Welcome to our new Amuse-Bouche occasional series, Litdish. This is a solicited series of interviews with writers and artists in conversation with our staff about literature, art, social justice, and community activism. Please enjoy. ~The Editors
With a background in geology, Rick Bass splits his time between environmental activism and writing. His work crosses genres and includes non-fiction, essays, novels, and short stories. You can find his work widely published and acclaimed in journals and magazines such as Esquire, The Atlantic, The New Yorker, and many more. He is the author of several books and story collections including Why I Came West, All the Land to Hold Us, and For a Little While. Rick and I are both Montanans. Rick lives in the rural Yaak Valley, and I live in an urban center, so our experiences are vastly different. Still, we both have the unique position of living blue in a red state. I first saw Rick speak in Los Angeles during Antioch University’s June 2017 MFA residency where he talked about the urgency of activism in today’s world.
Interviewed by Kori Kessler via email and edited for clarity.
Kori Kessler: You have a background in geology. How did you get into writing and how does your experience as a geologist shape your writing?
Rick Bass: I learned to write by being sold books from the bookstore in Jackson Mississippi. Where I was working as a geologist at the time. As a geologist, I made maps of unseen buried lands. This was excellent training to become a writer, who does the same thing.
KK: You write in a variety of mediums from creative non-fiction, to short stories, and novels. From a craft perspective, how do you approach each genre? How are they similar and different? Does any one genre flow easier than others for you?
RB: Speaking generally, in fiction I have no idea what the end of the story is or will be, only roughly where it lies. Generally speaking, with non-fiction, I have a bit more vision about what might lie ahead.
KK: What drew you to write about stories that take place in the West, and focus on the landscape and nature in this area at a time when these spaces are in danger of being destroyed?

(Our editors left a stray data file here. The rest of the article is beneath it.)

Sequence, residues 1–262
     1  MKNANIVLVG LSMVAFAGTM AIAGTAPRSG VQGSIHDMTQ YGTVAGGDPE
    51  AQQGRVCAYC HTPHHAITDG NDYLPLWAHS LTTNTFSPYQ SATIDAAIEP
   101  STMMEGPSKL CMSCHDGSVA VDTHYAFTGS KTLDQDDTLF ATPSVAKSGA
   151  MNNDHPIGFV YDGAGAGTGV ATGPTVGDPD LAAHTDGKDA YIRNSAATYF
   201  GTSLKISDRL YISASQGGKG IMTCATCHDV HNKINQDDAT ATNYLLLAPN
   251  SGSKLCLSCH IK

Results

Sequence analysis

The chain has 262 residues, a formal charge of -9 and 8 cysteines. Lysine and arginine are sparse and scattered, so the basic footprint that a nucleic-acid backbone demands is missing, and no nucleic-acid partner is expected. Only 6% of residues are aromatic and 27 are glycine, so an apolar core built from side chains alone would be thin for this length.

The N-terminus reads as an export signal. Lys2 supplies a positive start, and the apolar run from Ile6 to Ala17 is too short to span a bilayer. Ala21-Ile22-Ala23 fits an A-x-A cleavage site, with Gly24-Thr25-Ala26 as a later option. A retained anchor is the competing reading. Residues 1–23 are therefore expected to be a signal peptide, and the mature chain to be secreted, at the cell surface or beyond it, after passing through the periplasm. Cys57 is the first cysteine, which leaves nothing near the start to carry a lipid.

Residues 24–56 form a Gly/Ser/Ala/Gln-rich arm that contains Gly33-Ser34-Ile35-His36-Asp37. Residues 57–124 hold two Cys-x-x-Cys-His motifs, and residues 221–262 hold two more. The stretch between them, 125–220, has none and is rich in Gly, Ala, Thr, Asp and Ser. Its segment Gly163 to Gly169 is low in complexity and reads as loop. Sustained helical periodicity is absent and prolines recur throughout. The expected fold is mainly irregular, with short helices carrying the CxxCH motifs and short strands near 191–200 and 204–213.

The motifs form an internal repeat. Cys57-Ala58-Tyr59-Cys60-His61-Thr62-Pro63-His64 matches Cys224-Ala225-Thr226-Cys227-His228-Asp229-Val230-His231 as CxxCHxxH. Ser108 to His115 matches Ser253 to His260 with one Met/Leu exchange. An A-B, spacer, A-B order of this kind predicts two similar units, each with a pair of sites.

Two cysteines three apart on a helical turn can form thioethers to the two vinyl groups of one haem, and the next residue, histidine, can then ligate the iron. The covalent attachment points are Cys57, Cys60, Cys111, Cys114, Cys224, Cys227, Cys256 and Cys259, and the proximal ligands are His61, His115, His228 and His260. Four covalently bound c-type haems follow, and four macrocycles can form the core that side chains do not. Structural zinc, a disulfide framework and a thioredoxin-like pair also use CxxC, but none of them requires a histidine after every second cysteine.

KK: There is an element of magic that appears in your writing that emphasizes the supernatural power of the landscape—the elephant that shows up in the desert in All the Land to Hold Us for example. How does magical realism inform your writing? How does it relate to environmental writing?
RB: I don’t think of it so much as magical realism. The things I write can happen. There is no relation to environmental writing in this approach.
KK: How do you go about writing a character outside of your own experience—women like Clarissa and Ruth, or Mufti (characters in All the Land to Hold Us), who is from India, for example?
RB: Specificity helps. Specificity provides a reader access to the story and attaches them inextricably to the dream.
KK: During your time at the Antioch University Los Angeles June 2017 MFA residency, you mentioned that we need more people in the street, more activism in addition to poetry. People in the seminar seemed especially bothered by this statement. I think it’s because many in the audience aren’t living as a progressive in a red state—can you describe what it’s like working and writing as an activist and as a progressive in an extremely red state like Montana?
RB: Unless you have done it, it’s probably impossible to try to describe working as an activist in the population I’m in. It’s probably impossible to try to describe working as an activist in a population or demographic that is so violently against your aesthetics, and, often, you. Sometimes, simply raising the flag every day and taking the high road over the years is the best form of activism. One learns to be very mindful of the ineffectiveness of preaching to the choir or standing on the soapbox in such toxic environments.
How does one prevent burnout? The support of peers is vital, as is the practice of remembering the cause itself and your belief in it, and for me, getting out into the woods.
KK: How do you balance life as a writer with life as an activist?
RB: Balance is a dangerous word. It is more a question of shifting priorities; triage… juggling is a better word. You do your best and don’t expect perfection in activism. Just do your best. Don’t leave anything behind or on the field.